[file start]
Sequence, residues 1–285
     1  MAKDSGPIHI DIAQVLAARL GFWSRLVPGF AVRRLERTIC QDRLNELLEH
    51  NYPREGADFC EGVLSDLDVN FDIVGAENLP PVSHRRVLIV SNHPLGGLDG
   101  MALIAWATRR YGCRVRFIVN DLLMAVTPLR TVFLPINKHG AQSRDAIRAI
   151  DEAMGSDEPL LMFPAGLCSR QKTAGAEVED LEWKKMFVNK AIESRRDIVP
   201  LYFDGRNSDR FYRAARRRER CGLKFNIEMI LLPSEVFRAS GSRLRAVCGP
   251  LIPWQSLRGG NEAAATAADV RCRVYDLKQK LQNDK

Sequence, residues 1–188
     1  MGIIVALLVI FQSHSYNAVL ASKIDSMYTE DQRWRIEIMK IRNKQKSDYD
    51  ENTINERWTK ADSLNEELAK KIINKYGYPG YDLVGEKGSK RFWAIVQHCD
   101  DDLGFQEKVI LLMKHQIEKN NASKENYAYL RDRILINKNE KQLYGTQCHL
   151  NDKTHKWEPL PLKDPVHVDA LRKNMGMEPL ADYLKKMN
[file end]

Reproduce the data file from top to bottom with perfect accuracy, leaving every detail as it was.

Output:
Sequence, residues 1–285
     1  MAKDSGPIHI DIAQVLAARL GFWSRLVPGF AVRRLERTIC QDRLNELLEH
    51  NYPREGADFC EGVLSDLDVN FDIVGAENLP PVSHRRVLIV SNHPLGGLDG
   101  MALIAWATRR YGCRVRFIVN DLLMAVTPLR TVFLPINKHG AQSRDAIRAI
   151  DEAMGSDEPL LMFPAGLCSR QKTAGAEVED LEWKKMFVNK AIESRRDIVP
   201  LYFDGRNSDR FYRAARRRER CGLKFNIEMI LLPSEVFRAS GSRLRAVCGP
   251  LIPWQSLRGG NEAAATAADV RCRVYDLKQK LQNDK

Sequence, residues 1–188
     1  MGIIVALLVI FQSHSYNAVL ASKIDSMYTE DQRWRIEIMK IRNKQKSDYD
    51  ENTINERWTK ADSLNEELAK KIINKYGYPG YDLVGEKGSK RFWAIVQHCD
   101  DDLGFQEKVI LLMKHQIEKN NASKENYAYL RDRILINKNE KQLYGTQCHL
   151  NDKTHKWEPL PLKDPVHVDA LRKNMGMEPL ADYLKKMN